water around it after it had been inserted. The cavity of the shell thus charged is kept filled with water, the metallic tube inserted, and its tightness insured by means of a washer of lead, quite thin, and the use of white lead in screwing in the screw-stopper to which the metallic tube is attached. In this form the shells were presented. The metallic tube was then filled with rifle-powder, poured in through the hole through the brass screw-plug bored to receive the time-fuse. The fuse was thereupon inserted and the wheel fire, as in ordinary cases, from a 12-pounder howitzer. The first shell was fired at a considerable elevation, exploding at a distance of perhaps 300 yards from the muzzle of the piece and evolving a burning cloud of phosphorus probably not less that 30 or 40 feet in diameter, from which particles of ignited phosphorus descended, reaching the ground, and for some moments continuing in a state of ignition.
The other shells were fired with second-fuses, and were exploded at one time a clump of green pines, the leaves of which were considerably scorched, although dripping with rain-drops from the recent shower; at others, above the grass covering the plain, also in a green and wet condition.
In each case there was a similar evolution of a large cloud of burning phosphorus, while the large particles, falling to the ground, in some instances fired the grass and twigs to a certain extent, the combustion continuing for several moments after the explosion of the shell.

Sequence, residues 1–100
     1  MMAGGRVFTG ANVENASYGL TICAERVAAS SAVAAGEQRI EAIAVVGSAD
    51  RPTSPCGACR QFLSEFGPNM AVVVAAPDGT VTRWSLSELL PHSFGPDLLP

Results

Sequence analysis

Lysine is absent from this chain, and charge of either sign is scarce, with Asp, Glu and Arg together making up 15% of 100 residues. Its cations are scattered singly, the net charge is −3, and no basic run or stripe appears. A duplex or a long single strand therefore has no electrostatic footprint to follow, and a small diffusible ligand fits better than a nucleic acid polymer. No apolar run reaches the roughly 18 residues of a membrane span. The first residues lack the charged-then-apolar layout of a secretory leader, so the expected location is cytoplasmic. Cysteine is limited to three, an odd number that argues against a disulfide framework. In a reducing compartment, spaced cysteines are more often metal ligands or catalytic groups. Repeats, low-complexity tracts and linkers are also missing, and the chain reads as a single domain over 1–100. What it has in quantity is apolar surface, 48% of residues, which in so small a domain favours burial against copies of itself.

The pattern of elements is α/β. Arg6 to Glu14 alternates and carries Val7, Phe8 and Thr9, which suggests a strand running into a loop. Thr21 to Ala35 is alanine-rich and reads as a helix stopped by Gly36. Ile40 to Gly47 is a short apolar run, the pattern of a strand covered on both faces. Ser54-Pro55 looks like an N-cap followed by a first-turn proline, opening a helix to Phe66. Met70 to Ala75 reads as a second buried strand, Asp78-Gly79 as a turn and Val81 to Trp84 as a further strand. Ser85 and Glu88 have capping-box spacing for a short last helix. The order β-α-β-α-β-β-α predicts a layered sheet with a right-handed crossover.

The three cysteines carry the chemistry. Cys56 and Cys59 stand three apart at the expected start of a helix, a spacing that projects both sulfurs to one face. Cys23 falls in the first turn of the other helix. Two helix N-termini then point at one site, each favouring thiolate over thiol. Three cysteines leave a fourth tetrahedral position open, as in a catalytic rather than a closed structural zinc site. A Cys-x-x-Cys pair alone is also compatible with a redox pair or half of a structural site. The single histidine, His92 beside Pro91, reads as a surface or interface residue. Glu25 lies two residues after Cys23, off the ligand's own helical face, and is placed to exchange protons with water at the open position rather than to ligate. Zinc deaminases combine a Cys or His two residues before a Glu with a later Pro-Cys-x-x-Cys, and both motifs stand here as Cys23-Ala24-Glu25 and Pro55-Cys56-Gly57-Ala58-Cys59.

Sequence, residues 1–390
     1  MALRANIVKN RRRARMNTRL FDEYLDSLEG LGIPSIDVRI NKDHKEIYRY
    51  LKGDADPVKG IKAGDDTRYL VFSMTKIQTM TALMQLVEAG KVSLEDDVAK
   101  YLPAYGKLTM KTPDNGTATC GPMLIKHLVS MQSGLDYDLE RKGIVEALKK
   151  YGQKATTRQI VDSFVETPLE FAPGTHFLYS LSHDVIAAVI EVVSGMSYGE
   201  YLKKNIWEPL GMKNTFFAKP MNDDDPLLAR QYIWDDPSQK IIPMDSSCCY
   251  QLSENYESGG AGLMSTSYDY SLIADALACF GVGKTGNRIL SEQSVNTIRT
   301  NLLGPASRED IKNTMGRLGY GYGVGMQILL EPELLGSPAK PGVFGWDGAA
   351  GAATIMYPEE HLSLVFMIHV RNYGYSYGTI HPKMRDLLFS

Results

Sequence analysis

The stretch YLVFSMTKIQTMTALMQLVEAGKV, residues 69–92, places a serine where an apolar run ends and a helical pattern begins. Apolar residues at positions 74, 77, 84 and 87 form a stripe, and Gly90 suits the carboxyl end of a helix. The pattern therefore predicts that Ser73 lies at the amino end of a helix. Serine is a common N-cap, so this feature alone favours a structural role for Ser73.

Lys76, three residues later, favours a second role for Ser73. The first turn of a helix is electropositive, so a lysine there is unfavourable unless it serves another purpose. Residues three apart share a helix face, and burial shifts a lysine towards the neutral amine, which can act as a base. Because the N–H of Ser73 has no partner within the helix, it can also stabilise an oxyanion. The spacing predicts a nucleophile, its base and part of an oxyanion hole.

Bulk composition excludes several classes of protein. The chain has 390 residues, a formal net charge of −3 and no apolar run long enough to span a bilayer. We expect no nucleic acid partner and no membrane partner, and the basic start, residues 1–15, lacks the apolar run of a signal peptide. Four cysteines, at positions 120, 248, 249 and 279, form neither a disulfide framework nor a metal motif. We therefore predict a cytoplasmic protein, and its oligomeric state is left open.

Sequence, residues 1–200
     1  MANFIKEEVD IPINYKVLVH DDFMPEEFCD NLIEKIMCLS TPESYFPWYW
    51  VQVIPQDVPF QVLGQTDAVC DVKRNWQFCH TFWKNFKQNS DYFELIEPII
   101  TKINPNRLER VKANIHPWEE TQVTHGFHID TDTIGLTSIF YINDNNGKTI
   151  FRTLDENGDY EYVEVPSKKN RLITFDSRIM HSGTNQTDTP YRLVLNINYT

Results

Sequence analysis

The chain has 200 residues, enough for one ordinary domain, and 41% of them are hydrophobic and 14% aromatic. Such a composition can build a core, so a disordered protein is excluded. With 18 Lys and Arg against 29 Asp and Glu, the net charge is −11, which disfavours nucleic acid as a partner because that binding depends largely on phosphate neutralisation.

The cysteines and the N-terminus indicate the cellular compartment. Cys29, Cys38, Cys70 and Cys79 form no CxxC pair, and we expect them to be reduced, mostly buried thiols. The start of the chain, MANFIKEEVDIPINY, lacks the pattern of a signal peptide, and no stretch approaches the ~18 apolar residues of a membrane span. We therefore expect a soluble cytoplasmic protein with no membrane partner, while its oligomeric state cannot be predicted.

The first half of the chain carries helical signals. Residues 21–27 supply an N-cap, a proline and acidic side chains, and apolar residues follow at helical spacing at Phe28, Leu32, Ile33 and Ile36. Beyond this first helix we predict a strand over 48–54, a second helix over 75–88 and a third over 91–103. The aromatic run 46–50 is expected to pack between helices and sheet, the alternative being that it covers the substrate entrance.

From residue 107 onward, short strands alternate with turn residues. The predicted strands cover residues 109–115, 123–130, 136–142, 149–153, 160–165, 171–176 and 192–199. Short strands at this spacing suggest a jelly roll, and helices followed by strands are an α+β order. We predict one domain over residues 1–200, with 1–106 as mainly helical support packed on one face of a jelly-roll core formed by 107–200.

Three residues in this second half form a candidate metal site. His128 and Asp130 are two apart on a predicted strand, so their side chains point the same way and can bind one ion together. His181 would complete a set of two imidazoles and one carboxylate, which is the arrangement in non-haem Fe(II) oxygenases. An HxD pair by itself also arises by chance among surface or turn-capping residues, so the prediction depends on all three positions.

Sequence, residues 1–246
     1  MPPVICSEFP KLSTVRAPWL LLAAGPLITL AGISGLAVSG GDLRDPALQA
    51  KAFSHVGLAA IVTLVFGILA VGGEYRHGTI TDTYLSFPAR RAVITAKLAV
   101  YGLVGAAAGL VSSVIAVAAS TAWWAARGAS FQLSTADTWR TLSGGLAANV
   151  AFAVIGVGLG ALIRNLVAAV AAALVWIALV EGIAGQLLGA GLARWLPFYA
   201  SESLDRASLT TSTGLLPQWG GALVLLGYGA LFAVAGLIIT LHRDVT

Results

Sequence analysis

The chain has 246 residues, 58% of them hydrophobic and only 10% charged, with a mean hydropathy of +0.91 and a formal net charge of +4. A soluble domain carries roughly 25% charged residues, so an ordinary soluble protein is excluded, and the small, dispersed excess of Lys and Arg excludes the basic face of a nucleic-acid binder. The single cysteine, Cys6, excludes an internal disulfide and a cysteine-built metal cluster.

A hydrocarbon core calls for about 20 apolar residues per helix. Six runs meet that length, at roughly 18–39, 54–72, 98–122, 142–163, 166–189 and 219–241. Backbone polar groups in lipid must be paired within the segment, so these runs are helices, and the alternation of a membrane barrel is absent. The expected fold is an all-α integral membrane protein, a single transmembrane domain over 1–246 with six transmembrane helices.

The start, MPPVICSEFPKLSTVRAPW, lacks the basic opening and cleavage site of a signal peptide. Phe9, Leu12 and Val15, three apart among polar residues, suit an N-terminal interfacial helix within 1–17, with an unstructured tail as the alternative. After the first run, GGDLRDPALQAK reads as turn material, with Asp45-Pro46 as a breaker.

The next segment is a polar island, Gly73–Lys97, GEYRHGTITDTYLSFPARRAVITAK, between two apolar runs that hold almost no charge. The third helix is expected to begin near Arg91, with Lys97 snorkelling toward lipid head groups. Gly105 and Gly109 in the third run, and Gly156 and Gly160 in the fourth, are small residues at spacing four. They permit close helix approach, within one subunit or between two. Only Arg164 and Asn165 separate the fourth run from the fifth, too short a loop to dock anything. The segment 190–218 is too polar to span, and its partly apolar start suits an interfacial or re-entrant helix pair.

But for the saturated condition of everything, the conflagration would doubtless have been general, especially wherever the particles of ignited phosphorus could have come in contact with any substance which would have afforded food for flame.
The test to which these shells were subjected was unusually severe, in consequence of the recent rain and the green condition of the grass and shrubbery covering the surface of the ground above which the shells were exploded.
I am of opinion that these shells will prove very useful for firing camps, thickets, and cover-houses, if well employed within them.
There can be no question of the fact that they would exert a most demoralizing influence upon bodies of infantry and cavalry. No troops could withstand the terrible influences of these shells bursting in their midst, and evolving not only this mass of insidious fire, but also clouds of gas of a most deleterious character.
They could also be employed with marked success against light batteries in action, creating a perfect pained among men and horses, and exploding ammunition chests. If exploded within the cavity of a vessel, their effects would be most disastrous.
It is apparent, from the experiments performed, that in the case of small shells, with only a sufficient cavity for the bursting charge, the dispersion of the phosphorus is minute and the combustion rapid. In fact, a fiery cloud is evolved upon the explosion of the projectile. Should, however, a larger portion of water be employed, the pieces of phosphorus would, in all probability, be thrown out in large bulk, and the combustion thus be sustained for a longer period. Increase the size of the shell and the effect would become more deceives and terrible.
The use of the shell I do not conceive to be dangerous, provided due care be observed in filling the cavity with water, and in the introduction of the metallic tube and screw-plug. The shell can thus be prepared for use. The employment of the leads washer and of